Life may never be the same again. As adults, we will remember 2020 for the rest of our lives. In fact, the COVID-19 pandemic will become a page in history for future generations.
Welcome to another edition of the “What’s Up Doc?” Q & A series! In celebration of this month’s book box theme, The Doctor’s Kit, we have had the pleasure of interviewing a variety of professionals in the medical field. This week we will hear from Dr Ian Black, General Practitioner.
Welcome to another edition of the “What’s Up Doc?” Q & A series! In celebration of this month’s book box theme, The Doctor’s Kit, we have had the pleasure of interviewing a variety of professionals in the medical field. This week we will hear from Dr Brendan Louie, Plastic and Reconstructive Surgeon.
Question 1. What is your health-related profession?
“Plastic and Reconstructive surgery“
Question 2. How long did you study at University for this?
“3 years undergraduate and 4 years medical school”
Question 3. What’s the most common misconception about your profession?
That ‘cosmetic surgeons‘ are the same as plastic surgeons.”
Question 4. If you would like the public to learn one thing about your profession, what would it be?
“To become a plastic surgeon doctors must apply to be accepted onto intensive and highly regulated advanced surgical training program that takes a minimum 5 years. This is an extremely competitive process that only accepts 2 or 3 people in QLD each year. Cosmetic surgeons have finished med school, but otherwise have no recognised training in Australia and are not regulated or associated with the Royal Australian College of Surgeons.”
Question 5. What’s the most interesting thing that has happened to you in your career so far?
“Being involved in the development of a melanoma unit at the Royal Brisbane Hospital and seeing the outcomes of breakthrough medications to treat advanced melanoma.”
Question 6. What’s the longest/worst shift or operation you have been involved in?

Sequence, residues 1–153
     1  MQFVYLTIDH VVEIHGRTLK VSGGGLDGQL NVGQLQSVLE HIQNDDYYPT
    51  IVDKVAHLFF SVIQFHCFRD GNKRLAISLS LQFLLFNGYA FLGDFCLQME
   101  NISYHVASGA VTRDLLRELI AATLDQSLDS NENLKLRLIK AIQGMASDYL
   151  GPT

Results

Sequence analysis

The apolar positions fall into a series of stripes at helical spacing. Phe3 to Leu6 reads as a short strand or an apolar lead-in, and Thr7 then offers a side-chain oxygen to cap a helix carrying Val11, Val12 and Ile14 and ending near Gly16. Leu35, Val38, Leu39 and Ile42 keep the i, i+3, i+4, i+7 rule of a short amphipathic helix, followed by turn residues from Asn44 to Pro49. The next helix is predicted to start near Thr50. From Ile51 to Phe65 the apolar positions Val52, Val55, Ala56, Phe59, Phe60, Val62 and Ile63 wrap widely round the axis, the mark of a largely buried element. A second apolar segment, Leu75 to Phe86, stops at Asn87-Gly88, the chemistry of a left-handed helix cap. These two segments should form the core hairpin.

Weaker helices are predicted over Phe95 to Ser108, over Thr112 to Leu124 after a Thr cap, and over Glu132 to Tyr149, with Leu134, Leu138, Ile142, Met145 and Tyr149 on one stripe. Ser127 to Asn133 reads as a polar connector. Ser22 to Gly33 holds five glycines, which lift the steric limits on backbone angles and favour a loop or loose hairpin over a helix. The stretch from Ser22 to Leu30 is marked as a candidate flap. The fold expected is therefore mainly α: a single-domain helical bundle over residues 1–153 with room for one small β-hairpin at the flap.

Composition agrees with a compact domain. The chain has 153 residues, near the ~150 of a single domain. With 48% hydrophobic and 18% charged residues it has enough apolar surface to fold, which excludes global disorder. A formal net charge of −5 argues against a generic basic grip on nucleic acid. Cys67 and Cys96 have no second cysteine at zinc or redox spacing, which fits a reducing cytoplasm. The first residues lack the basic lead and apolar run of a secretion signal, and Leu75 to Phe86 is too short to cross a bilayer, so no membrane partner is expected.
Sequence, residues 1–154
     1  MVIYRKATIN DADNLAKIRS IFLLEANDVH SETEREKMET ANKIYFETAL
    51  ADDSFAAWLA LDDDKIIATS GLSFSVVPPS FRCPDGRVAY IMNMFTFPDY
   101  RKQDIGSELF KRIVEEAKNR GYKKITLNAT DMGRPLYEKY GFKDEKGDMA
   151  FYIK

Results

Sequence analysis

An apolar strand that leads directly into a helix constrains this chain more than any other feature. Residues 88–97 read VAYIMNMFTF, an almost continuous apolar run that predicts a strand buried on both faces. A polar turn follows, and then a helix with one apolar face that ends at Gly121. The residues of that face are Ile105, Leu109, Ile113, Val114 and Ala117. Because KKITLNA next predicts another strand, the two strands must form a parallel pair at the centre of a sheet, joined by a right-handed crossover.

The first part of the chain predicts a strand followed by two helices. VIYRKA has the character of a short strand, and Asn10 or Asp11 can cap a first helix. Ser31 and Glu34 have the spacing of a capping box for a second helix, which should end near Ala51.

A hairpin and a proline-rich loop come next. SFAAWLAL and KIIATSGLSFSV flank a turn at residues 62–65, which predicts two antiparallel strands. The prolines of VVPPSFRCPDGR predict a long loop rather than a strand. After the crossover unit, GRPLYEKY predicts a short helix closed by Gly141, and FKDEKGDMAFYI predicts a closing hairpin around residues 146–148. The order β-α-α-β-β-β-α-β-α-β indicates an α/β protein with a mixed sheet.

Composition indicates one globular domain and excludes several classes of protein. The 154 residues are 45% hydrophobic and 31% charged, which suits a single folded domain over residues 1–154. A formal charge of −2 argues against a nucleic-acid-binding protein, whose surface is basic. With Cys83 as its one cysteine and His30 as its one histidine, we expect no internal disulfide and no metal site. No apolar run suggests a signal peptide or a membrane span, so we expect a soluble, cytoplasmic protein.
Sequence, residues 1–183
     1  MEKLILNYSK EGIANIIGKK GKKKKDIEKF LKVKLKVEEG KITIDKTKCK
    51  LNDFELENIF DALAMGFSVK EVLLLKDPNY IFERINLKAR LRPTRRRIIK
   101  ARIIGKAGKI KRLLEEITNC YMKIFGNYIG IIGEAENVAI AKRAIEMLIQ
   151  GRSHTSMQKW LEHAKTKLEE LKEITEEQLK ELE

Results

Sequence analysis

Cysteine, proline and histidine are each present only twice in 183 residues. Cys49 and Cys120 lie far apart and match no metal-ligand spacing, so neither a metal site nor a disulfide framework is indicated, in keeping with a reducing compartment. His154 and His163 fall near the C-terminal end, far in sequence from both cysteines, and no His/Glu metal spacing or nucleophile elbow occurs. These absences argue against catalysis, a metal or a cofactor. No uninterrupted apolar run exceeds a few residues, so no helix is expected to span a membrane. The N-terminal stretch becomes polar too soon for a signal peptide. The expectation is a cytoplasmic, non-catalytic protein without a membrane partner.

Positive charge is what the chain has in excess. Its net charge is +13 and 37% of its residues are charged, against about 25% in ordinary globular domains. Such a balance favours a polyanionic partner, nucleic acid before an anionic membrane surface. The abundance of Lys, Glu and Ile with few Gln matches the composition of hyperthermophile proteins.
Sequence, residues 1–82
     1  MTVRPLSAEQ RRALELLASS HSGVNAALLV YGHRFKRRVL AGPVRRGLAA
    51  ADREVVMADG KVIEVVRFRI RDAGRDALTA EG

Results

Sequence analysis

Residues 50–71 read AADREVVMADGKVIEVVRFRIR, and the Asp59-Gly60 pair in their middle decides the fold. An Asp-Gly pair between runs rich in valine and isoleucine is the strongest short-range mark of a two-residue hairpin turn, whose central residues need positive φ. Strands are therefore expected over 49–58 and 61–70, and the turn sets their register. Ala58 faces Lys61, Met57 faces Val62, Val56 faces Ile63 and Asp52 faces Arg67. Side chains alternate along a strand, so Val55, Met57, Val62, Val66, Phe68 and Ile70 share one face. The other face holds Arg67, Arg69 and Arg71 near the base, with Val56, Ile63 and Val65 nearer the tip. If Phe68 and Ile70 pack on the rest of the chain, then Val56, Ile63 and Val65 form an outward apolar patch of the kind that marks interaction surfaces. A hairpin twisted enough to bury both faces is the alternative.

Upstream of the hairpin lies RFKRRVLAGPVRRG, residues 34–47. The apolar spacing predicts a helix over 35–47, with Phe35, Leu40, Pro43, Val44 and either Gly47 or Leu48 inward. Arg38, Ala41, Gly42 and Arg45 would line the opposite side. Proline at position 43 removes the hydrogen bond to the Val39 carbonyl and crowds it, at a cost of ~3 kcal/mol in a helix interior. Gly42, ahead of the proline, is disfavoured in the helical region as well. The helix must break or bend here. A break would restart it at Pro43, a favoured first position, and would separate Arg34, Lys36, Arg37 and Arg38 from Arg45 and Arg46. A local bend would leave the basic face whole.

“The longest shift was a 60 hours with 3 hours of sleep during that period. The longest operation went for over 24 hours and involved reconstructing a mangled hand and re-attaching multiple fingers.”
Question 7. What’s the most common or interesting reason you see children?
“The most common condition i treat is unusual lesions, which are thankfully mostly benign, and trauma from dog bites and little fingers crushed in doors. The most interesting cases were during my time at the old mater children’s where we did cranial vault reconstructions for craniosynostosis. If you google it you’ll understand why. “
Question 8. What would make you leave your profession; what’s the most challenging aspect?
“Dealing with complications, severe trauma and advanced malignancy that results in the death of patients is always difficult. The only thing that would make me stop is a decline in my abilities or health though.”
Question 9. What keeps you in your profession; what’s the most rewarding aspect?
“Helping people and knowing that you have improved their lives. I am also fascinated by the complexity of the human body and will keep learning about it regardless of when i finish working.”
Thank you so much Brendan for sharing with us. We hope it didn’t make you squirm too much and gave you an insight into the work of a fascinating medical field.
Why not share the inspiration and head to our shop page to buy our “Doctor’s Kit” for your child today! We promise you will both enjoy yourselves with this one!
Join us next time for more Q and A on What’s up Doc? series.
Thanks for hearing our call,
Your Little Birdies